Endocytic vesicles undergo fission to sort ligand from receptor. Using quantitative immunofluorescence and video imaging, we provide the first in vitro reconstitution of receptor-ligand sorting in early endocytic vesicles derived from rat liver. We show that to undergo fission, presegregation vesicles must bind to microtubules (MTs) and move upon addition of ATP. Over 13% of motile vesicles elongate and are capable of fission. After fission, one vesicle continues to move, whereas the other remains stationary, resulting in their separation. On average, almost 90% receptor is found in one daughter vesicle, whereas ligand is enriched by ~300% with respect to receptor in the other daughter vesicle. Although studies performed on polarity marked MTs showed approximately equal plus and minus end-directed motility, immunofluorescence microscopy revealed that kinesins, but not dynein, were associated with these vesicles. Motility and fission were prevented by addition of 1 mM 5'-adenylylimido-diphosphate (AMP-PNP, an inhibitor of kinesins) or incubation with kinesin antibodies, but were unaffected by addition of 5 μM vanadate (a dynein inhibitor) or dynein antibodies. These studies indicate an essential role of kinesin-based MT motility in endocytic vesicle sorting, providing a system in which factors required for endocytic vesicle processing can be identified and characterized.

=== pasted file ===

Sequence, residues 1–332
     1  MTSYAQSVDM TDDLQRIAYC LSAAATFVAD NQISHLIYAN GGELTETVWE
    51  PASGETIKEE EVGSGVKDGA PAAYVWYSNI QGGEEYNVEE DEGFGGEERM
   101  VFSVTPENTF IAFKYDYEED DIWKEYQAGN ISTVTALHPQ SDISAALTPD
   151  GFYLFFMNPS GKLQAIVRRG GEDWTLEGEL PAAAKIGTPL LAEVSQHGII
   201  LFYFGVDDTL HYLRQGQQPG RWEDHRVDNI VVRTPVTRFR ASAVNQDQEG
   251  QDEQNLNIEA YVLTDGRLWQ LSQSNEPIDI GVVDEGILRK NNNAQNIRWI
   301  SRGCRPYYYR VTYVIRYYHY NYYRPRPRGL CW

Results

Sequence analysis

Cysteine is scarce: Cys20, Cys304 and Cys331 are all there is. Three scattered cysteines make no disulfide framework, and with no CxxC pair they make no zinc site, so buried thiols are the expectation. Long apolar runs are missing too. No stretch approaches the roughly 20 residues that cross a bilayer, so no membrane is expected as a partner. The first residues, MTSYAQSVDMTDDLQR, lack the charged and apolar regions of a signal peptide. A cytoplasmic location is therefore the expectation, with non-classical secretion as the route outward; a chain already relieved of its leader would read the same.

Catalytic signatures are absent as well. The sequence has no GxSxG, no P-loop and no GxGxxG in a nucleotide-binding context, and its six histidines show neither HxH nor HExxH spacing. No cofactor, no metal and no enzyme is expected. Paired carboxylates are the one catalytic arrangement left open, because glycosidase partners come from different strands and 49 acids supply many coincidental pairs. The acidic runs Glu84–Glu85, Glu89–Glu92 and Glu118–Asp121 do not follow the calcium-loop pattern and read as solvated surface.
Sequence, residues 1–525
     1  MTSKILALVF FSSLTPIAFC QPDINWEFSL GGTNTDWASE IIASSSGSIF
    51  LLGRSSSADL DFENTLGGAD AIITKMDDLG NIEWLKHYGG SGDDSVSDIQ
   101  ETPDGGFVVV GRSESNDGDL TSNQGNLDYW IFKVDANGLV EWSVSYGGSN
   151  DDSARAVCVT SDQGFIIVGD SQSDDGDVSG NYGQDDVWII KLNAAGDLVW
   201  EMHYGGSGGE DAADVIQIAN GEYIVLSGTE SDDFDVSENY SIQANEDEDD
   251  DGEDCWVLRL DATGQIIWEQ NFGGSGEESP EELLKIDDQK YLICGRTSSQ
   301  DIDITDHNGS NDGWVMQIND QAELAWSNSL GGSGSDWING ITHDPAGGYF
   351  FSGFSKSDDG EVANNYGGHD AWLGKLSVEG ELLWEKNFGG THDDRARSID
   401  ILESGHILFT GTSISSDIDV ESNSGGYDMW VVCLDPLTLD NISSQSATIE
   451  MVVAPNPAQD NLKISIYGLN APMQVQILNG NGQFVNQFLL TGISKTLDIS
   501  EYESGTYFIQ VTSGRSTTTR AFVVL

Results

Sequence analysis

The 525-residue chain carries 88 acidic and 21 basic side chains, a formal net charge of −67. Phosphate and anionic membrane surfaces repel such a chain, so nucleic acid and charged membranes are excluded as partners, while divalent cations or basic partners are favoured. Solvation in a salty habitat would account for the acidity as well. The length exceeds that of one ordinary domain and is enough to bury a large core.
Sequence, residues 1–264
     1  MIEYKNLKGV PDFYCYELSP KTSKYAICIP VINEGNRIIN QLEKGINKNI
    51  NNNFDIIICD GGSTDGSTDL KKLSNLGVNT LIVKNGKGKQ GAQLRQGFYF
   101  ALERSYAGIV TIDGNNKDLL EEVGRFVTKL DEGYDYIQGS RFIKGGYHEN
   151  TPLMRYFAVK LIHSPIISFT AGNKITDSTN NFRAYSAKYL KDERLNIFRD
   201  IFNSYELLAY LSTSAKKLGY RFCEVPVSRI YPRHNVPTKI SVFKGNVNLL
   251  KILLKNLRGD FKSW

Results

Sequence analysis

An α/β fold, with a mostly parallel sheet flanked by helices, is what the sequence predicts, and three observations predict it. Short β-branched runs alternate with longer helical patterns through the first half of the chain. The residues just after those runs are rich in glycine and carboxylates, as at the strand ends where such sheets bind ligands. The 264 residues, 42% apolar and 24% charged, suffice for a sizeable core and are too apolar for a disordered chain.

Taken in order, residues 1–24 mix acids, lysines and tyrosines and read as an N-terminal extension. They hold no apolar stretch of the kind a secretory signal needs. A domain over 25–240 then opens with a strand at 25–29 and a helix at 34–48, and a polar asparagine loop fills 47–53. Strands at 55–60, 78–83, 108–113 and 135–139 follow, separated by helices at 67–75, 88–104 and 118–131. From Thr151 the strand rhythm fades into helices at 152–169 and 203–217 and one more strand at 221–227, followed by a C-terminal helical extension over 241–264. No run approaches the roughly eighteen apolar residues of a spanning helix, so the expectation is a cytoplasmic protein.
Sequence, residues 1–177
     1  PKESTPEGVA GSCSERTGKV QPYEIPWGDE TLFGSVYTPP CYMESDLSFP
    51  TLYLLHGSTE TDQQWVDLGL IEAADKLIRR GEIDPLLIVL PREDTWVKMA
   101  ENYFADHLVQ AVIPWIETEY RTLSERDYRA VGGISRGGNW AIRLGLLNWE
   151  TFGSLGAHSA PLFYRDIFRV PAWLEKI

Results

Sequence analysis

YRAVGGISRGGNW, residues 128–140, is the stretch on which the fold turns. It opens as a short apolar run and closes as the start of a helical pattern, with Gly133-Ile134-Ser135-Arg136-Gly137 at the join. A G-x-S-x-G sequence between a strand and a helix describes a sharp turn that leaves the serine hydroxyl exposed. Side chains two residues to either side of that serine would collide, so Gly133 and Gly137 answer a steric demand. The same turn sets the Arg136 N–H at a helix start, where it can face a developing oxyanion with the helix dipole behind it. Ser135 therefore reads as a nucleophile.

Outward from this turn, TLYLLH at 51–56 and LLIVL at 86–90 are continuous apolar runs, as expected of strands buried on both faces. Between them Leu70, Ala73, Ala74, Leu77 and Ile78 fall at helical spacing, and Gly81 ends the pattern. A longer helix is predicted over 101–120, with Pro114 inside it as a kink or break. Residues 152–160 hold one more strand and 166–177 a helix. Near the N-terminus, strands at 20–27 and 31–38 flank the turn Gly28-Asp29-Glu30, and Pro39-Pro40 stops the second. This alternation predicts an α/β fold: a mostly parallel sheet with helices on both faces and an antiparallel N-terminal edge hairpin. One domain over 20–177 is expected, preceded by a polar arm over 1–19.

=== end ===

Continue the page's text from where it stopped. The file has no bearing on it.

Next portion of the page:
ASJC Scopus subject areas
- Cell Biology